Government organizations can have similar value associated with them, which would expedite the transfer of individuals between government agencies and private entities. One often-discussed fault of government organizations is that there is little motivation to improve and excel. If a value fund could be established for each government agency, which would increase if the agency was able to meet its goals or exceed them, then there would be some motivation for employees to work to accomplish that. This value fund could be transferred to the ownership fund of a private company or vice versa, so there would be less inhibition to transfers. Government agencies would become, to an extent, analogs of employee-owned private entities.

Unearned Income and Winston Churchill

Churchill wanted to put a tax on land sale profits, in a specific way, as he felt some were unearned and therefore more deserving to be taxed away. This concept is intriguing, but regrettably not the Rosetta Stone to a new system.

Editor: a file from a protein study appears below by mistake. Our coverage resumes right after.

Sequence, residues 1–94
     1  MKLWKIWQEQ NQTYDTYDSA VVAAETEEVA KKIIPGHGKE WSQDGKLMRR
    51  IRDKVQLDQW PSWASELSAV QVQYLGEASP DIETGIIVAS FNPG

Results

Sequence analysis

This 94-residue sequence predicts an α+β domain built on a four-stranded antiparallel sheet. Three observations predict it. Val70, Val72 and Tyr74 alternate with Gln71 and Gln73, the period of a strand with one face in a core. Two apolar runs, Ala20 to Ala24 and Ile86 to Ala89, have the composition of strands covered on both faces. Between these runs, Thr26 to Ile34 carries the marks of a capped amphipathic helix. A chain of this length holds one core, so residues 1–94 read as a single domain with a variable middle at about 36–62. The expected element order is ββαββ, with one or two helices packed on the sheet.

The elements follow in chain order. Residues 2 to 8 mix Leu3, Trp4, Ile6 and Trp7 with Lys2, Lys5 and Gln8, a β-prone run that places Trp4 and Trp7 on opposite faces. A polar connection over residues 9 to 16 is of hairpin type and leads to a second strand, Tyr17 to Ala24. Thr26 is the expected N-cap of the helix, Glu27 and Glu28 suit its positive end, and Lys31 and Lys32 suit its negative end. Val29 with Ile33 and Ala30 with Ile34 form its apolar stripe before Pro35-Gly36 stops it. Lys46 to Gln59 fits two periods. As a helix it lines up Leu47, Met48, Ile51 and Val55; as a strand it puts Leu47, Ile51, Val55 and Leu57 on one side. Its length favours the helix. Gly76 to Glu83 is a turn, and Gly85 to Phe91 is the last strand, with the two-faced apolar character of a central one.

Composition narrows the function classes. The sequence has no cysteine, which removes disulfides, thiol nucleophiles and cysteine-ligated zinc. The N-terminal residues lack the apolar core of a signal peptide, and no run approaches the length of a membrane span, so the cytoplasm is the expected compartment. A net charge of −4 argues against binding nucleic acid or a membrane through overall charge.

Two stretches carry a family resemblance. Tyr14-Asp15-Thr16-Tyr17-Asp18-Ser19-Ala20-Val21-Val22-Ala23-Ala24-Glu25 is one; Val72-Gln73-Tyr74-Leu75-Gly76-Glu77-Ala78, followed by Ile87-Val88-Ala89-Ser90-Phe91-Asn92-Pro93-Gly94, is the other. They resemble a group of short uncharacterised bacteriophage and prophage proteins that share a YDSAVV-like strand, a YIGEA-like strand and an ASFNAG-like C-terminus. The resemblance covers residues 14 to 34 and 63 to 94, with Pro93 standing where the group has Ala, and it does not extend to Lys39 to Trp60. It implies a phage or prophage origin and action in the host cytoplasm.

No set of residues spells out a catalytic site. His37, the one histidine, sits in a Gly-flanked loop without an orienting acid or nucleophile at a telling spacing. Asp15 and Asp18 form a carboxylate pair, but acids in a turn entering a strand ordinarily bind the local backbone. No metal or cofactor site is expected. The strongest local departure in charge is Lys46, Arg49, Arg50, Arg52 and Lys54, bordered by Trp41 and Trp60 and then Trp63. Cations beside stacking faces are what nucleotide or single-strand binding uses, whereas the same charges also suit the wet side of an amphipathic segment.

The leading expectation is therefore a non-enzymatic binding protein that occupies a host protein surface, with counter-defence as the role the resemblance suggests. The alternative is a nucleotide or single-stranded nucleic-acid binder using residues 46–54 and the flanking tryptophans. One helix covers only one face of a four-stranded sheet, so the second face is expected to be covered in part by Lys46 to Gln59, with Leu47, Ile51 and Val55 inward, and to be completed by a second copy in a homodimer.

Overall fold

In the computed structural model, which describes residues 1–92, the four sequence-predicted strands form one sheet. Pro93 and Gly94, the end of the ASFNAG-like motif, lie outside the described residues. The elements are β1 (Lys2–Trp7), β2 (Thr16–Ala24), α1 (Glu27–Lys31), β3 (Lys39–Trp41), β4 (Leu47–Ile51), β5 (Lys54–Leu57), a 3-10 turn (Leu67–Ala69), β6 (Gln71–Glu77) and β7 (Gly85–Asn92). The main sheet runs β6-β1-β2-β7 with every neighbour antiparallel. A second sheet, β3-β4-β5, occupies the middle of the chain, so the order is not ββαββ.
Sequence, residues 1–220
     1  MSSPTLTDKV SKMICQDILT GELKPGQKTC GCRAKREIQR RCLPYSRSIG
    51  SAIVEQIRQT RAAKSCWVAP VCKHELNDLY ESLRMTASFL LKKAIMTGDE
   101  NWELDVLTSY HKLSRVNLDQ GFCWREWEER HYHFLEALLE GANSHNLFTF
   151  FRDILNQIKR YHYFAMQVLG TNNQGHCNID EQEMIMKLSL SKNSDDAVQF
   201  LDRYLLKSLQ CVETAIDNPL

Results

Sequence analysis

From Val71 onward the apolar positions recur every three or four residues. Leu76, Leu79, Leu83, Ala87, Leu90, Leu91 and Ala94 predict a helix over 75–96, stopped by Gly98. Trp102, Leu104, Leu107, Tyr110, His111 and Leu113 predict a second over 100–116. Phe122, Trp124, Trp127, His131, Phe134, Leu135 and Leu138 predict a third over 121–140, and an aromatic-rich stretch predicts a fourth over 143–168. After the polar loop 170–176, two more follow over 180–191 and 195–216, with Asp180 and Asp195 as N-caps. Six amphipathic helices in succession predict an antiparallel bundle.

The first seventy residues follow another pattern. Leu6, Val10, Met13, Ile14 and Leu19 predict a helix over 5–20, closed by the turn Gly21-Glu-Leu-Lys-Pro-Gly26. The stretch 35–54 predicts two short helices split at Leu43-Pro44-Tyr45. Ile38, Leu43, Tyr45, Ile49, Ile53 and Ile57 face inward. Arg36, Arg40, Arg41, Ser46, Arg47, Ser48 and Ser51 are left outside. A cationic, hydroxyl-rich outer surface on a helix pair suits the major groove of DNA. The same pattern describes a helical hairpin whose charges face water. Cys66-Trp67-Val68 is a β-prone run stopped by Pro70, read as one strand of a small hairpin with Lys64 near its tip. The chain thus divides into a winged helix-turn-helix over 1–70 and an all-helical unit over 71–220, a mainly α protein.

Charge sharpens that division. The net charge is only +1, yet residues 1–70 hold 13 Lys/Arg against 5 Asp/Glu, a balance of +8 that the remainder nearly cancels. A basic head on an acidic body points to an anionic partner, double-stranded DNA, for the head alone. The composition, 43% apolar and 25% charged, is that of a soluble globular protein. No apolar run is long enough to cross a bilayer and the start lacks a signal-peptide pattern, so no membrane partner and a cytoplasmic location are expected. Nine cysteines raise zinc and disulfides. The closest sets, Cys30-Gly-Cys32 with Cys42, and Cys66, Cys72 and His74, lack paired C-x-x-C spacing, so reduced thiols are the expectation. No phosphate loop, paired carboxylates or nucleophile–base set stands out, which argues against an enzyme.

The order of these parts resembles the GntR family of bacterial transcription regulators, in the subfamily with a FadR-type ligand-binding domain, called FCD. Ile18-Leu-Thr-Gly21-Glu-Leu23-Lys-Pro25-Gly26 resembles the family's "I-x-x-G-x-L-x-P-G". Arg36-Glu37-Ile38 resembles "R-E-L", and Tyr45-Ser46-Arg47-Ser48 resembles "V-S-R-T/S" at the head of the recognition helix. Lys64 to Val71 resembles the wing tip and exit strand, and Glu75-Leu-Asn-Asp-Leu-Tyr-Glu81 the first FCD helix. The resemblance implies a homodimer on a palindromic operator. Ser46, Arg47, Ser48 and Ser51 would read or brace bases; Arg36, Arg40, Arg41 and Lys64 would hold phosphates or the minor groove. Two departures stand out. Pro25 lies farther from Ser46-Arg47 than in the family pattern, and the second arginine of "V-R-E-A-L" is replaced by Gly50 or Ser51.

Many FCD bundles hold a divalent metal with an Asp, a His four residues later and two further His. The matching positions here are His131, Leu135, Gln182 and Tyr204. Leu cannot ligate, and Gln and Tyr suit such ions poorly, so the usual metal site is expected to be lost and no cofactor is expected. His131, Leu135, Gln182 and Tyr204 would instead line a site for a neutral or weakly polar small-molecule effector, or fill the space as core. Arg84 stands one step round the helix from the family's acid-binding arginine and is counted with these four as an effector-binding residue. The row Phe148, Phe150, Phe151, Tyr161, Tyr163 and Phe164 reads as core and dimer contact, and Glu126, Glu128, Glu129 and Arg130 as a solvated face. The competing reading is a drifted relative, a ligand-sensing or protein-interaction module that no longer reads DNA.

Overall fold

The term “unearned income” became famous with economists David Ricardo and Henry James, who used it to denote the appreciated value of property which was not from development of itself, but of the surroundings. The idea was that this was done without any significant contribution by the owner, yet he or she reaped the lion’s share of this appreciation. A very famous speech by Winston Churchill in 1909 is often quoted to define the problem, if there is assumed to be one, with a landowner making possibly huge profits on land without having exerted any effort whatsoever to receive them. Instead, Churchill spoke about the profit arising because of the labor and expense of the general community surrounding the property, near and far, who improved the potential utility of the land without any development of it having been done. Churchill favored that the unearned profits from the sale of such land be taxed by the state and used for the good of the community, whose efforts produced it.

The general principle of taxing unearned income more than earned income has received support from many quarters, and seems to be an acceptable principle upon which to base a taxation system. However, there has been no end of controversy and change in what is considered unearned income. This blog has as a goal, a better way of defining it, and a better way of taxing or otherwise regulating it.